(I know my board is a mess….that’s just how I live)
I love keeping things simple. I would love to show up to a gig, plug a cable straight into a single channel amp, crank it up, and just start rocking out, using only the volume and tone knobs on my guitar to coax different tones.
I’ve gone the way of other aging rockers whose life has superseded hopes of rockstardom. I’m talking about being in a weekend warrior cover band. It’s not glamorous, but it’s a way to justify going out and playing in front of people while earning a little scratch in the process. It’s also an excuse to the Mrs. for me to spend time with my friends.
This situation has lead me to the theme of this blog post: why my live rig is pedalboard based instead of just an amp. This is mainly because on the level we’re playing, we can’t afford to hire a sound guy. If we did at the going rates of sound engineers in my area, we’d be playing for free. Therefore, our PA system is “set and forget.” I sound check at the beginning of the night, and no one better touch their amp dials once it’s set.
Due to these circumstances, I need to be able to control the different variations in volume and dynamics with my feet, as well as approximate several classic tones and effects. We’re a two guitarist band, that means we have two guitars fighting over the same sonic space. Luckily, we have developed a division of labor where the other guitarist is strictly rhythm, and I handle all the solos. To do this, I give him a slightly scooped-mids sound with plenty of low end for a bigger sound and I go for a more boosted-mids tone, which kinda fits together like a puzzle. When we’re both playing rhythm, it’s a big full sound. When I switch to solos, his tone still fills up plenty of space and mine can poke through.
Without a sound guy to watch like a hawk and give my solo’s a volume boost, I’m on my own to do it. The most effective way I’ve found to do this is to have a post-gain clean boost. In my case, I use a Mammoth Electronics boost I actually won in a Facebook contest. I place it last in my signal chain, which just takes my whole signal and makes it louder. My goal is to make my solos the same volume as the vocals, that seems to be the sweet spot for the people that want to hear the solos. I’ve tried pre-gain boosts, like slamming the front of an amp with a tubescreamer, but it just doesn’t do the same thing as boosting the entire signal post-gain.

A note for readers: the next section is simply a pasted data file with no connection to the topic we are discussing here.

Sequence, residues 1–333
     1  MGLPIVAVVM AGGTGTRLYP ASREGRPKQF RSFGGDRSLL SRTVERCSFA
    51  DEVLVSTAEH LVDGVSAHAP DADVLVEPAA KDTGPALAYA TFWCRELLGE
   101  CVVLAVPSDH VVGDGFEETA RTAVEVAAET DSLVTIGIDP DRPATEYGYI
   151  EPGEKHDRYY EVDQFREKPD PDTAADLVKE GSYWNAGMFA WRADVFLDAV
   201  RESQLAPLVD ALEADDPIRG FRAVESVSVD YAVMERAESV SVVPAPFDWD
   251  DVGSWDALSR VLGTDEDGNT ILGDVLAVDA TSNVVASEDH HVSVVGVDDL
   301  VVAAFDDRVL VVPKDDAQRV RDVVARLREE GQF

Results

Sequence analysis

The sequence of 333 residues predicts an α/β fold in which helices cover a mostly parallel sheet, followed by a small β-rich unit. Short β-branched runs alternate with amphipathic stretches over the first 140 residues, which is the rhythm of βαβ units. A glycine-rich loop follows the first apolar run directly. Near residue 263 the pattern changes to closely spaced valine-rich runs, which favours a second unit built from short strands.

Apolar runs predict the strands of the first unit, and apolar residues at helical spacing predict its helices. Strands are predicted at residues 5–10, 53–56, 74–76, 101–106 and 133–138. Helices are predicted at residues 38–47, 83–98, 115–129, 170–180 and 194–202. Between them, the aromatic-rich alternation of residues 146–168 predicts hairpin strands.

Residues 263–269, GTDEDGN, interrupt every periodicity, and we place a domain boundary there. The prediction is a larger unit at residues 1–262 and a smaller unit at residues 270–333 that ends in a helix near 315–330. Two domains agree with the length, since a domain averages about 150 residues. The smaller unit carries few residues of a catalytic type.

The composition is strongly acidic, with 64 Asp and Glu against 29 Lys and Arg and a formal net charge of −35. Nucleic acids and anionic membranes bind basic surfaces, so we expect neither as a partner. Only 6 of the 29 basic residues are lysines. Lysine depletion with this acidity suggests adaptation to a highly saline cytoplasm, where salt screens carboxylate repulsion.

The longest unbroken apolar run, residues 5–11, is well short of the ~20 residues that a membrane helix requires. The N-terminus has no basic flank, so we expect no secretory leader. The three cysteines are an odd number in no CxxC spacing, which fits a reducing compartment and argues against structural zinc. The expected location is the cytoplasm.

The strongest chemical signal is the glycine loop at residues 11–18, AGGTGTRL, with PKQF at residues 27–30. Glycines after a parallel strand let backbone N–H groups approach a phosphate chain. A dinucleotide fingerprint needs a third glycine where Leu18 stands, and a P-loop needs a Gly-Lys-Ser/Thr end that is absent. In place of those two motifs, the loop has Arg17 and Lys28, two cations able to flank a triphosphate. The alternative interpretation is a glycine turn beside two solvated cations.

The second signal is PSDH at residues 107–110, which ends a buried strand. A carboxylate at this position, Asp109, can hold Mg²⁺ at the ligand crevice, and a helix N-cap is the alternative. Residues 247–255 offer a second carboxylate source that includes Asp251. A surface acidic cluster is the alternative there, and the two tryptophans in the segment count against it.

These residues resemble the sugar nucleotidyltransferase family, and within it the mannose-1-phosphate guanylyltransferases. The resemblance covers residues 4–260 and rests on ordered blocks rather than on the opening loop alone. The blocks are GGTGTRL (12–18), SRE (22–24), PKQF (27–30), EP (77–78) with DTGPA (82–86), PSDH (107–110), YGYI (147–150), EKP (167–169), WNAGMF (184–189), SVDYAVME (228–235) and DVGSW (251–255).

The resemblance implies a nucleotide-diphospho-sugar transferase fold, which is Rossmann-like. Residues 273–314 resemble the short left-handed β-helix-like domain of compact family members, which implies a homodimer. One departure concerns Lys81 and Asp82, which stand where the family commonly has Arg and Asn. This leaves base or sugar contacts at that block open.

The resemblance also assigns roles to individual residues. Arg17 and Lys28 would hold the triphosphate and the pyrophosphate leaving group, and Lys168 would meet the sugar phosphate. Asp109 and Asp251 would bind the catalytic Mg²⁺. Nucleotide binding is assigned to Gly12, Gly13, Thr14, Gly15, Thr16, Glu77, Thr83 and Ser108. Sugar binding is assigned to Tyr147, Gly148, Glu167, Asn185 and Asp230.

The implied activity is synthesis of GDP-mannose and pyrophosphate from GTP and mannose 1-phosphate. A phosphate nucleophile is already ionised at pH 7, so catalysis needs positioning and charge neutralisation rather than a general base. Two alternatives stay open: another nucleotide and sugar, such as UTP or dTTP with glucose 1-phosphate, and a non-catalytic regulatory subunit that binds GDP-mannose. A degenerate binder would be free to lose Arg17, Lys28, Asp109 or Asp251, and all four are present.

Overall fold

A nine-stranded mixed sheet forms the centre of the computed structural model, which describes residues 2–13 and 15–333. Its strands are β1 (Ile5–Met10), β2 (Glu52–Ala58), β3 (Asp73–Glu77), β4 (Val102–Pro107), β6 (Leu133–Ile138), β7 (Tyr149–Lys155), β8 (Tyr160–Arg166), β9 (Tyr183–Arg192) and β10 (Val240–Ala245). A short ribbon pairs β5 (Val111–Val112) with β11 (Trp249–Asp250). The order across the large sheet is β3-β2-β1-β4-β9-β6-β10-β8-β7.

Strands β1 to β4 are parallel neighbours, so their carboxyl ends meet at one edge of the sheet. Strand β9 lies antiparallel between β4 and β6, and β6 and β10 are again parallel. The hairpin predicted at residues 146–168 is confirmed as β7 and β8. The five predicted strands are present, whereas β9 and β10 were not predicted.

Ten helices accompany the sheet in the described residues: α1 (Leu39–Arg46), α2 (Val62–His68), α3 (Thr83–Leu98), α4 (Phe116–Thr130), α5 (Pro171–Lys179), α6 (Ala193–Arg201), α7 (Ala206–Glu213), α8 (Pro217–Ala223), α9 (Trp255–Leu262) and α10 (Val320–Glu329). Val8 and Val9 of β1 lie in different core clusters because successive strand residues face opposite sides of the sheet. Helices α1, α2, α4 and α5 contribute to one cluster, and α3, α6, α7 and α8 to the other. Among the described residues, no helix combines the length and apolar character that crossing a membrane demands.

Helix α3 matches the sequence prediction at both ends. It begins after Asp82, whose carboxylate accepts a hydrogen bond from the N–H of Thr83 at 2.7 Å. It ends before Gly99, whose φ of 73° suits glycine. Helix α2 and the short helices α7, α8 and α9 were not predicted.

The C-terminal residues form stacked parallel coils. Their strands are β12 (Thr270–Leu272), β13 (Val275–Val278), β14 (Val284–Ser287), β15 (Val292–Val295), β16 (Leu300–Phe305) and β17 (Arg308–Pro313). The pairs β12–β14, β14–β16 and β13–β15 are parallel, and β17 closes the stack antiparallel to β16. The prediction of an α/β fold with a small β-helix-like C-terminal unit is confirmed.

Because of this I’ve also relinquished myself to relying on dirt pedals instead of an amp’s distortion too. This is purely for convenience sake. If I were to have a post-gain volume boost, it would require the cable method. Quite frankly, I’m just too cheap to have 4 cables, and too lazy to set up 4 cables. I bring our PA, so usually by the time I get that set up, I’m rushing to throw my rig together in time for the start of the gig. Just being able to throw my pedalboard on the floor, put on my wireless body pack, and running one cable back to my amp is just the easiest.
There are also several effects that the song we’re playing just have to have. Imagine the “Enter Sandman” without a wah on the solo (plus, wah is just fun to throw in every now and then), or “Another Brick In The Wall, Pt. 1” without a delay (plus delays are fun to throw into solos every now and then too).
Another added benefit of being pedalboard based is I can bounce from amp to amp and have the same general tone. I have amps off all different sizes, and I bring different amps depending on the size of the room we’re playing. I also have backup amps I bring with me. Being pedalboard based, I can just dial in a clean tone at the volume I need and the pedalboard does the rest. We can also show up to gigs where we share amps with other bands, and as long as the amp has a clean channel, I can get the sound I want.
I’d be remiss if I didn’t address the cons of being pedalboard based. The biggest con is it becomes an expensive, unhealthy obsession. There are so many pedals on the market, you just want to try them all. I’ve had so many pedals come and go, and it’s hard to flip pedals to at least break even. Also, pedal-based again, while it can sound good, just isn’t the same as a tube preamp. Lastly, pedalboards turn you into a tap dancer. When you have to turn a chorus on, delay off, and lead boost off at the same time, it gets tricky.
Anyways. That’s enough rambling for today.
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You gotta make the rig match your needs and be practical, so you can focus on your music and everyone has a good time. I’d say you got it figured out!